by Jeanine Vecchiarelli return to JayVee Media Link LLC
“My Biggest Mistake.” That is the headline of a series of online articles I recently saw on LinkedIn. The entries that comprise the posts are offered by some of the biggest names in business, making clear that mistakes happen to EVERYONE. The gist of each is that we can overcome, just as these big business persons did, IF we know how to handle the problematic situations we accidentally created.
The first thing we need to remember is social media is instantaneous. We lose control over our postings literally as soon as we click the “post” button. So we always, ALWAYS must double check what we have written before sending it to our sites. Of course, spelling and grammar are important. But we also need to check our passages for proper word usage. And tricky as this may be, we must use our best objective judgment to look for the potential that the way we worded our thoughts could be misconstrued. Many unexpected issues occur because we didn’t stop to think how something we posted with good intentions might be misunderstood. Finally, we also must make sure our messages are about to be sent to their intended destinations.
Should the unthinkable happen – and it may sooner or later, because we ALL make mistakes – here are a few guidelines to help smooth ruffled feathers among our followers:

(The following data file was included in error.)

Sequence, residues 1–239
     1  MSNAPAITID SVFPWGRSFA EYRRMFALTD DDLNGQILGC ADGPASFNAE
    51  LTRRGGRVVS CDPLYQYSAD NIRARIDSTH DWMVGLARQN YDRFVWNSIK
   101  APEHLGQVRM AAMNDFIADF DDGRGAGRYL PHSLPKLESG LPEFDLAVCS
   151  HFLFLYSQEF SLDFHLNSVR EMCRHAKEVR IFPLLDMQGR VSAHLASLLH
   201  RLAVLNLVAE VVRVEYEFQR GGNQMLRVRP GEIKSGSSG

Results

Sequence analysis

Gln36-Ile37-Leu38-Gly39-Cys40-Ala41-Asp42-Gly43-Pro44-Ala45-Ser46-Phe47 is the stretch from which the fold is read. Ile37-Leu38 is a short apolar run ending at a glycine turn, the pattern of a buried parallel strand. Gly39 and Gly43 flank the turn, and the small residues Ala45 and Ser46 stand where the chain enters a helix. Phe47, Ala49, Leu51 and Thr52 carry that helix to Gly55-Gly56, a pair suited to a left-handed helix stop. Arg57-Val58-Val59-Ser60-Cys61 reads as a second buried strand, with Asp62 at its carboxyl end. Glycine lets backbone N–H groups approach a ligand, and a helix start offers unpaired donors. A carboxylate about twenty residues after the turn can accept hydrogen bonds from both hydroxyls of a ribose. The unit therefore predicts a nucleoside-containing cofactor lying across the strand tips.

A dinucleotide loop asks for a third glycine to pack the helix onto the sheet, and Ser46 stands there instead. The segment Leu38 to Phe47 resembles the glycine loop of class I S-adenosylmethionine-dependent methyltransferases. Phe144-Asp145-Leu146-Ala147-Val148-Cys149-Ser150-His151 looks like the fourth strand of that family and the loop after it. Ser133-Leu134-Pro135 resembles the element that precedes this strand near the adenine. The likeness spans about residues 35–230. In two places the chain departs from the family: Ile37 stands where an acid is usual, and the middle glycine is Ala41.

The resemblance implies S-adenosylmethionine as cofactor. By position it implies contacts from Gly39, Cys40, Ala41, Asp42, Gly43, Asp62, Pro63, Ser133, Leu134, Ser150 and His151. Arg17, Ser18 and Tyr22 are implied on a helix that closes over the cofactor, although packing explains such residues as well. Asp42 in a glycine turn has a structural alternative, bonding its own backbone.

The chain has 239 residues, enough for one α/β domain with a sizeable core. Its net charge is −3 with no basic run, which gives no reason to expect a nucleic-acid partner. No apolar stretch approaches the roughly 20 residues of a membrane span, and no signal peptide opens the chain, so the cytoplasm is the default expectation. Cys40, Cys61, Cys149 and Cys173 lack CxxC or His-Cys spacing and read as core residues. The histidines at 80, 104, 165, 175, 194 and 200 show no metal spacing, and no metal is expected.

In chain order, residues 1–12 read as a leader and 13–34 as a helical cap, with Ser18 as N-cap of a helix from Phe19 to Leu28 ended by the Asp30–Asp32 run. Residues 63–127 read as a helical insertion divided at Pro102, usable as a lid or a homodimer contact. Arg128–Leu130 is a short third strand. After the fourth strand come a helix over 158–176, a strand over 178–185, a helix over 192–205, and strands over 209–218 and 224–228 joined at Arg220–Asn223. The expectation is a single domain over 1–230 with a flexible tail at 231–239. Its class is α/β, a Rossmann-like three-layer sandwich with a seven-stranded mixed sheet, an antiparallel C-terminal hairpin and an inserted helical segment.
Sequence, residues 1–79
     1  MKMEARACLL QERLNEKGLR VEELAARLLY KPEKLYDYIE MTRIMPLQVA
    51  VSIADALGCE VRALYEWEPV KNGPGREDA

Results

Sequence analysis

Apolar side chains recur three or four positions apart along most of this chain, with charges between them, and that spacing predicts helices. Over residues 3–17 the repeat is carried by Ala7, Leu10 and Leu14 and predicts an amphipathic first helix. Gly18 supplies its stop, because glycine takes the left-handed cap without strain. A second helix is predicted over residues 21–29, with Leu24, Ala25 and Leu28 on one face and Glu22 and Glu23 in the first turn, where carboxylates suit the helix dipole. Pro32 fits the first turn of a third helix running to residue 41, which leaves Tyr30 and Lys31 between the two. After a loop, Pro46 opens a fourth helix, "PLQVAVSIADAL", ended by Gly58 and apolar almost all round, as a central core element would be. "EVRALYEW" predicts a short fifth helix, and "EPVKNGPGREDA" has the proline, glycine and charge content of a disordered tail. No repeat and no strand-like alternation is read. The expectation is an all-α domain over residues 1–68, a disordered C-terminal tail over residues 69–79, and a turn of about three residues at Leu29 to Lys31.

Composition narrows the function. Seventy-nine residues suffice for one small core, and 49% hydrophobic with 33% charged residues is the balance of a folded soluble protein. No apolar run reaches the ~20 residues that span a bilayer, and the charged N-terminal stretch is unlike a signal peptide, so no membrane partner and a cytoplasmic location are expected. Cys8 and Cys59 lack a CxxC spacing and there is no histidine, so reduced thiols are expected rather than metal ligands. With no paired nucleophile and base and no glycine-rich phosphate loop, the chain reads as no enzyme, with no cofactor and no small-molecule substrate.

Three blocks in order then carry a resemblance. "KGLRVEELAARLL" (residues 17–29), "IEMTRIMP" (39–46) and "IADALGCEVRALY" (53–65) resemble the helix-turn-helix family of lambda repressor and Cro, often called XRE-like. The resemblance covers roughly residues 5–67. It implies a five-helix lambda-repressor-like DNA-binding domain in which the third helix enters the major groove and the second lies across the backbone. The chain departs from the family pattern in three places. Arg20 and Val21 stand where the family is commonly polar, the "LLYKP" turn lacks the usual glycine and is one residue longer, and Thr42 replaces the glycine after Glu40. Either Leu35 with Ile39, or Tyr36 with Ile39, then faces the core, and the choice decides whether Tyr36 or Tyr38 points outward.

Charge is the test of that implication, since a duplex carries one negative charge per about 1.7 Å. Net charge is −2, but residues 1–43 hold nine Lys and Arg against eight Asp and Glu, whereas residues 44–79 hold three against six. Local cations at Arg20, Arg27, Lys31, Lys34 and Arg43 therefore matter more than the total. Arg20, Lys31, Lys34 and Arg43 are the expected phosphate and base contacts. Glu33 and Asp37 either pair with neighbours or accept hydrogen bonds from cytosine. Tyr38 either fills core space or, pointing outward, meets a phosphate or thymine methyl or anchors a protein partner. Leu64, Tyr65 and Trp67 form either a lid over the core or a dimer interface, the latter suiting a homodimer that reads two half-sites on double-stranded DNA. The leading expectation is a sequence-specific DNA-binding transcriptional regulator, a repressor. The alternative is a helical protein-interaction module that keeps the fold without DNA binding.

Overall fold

1. Own up to our errors. It might surprise us to discover how forgiving our disgruntled followers can be when we step up and claim responsibility for our mistakes.
2. Take a moment before typing our mea culpa messages in order to make sure we craft our apologies clearly and with genuine sincerity. Our fans can spot phony remorse a mile away; trying to “pull one over on them” will only make a bad situation worse. Recently a big name company tweeted something wildly inappropriate after a major tragedy. That was bad; when they responded to scores of complaining followers with the same bland blanket apology it made their initial mistake exponentially worse! They were still getting bad press more than a week after the tragic event.
3. Do NOT delete angry comments! This action will be viewed as dismissing the feelings of our followers, and will more than likely cause even more to be posted – including across different social media platforms that we may not be able to track quickly. The negative comments may sting, but they also offer the best chance of turning our negatives into positives. We need instead to demonstrate our genuine remorse by owning up to our mistakes and responding with sincere apologies to our disgruntled followers.
4. As much as those negative comments may sting, we must not become defensive or escalate the situation by fighting back. We did the crime; we need to do the time. Any other response from us will turn our bad situations into much bigger events.
5. After apologizing, we need to move on. There is no reason to dwell upon our mistakes. Everyone makes them, after all. And since we aren’t perfect beings there’s a chance these may not be our last errors. The best we can do is resolve to try our hardest not to repeat the mistakes we made, and make every effort to watch how we act and what we post going forward.
What additional tips can you offer to help us deal with mistakes in our businesses? Please share them so we may all learn from each other!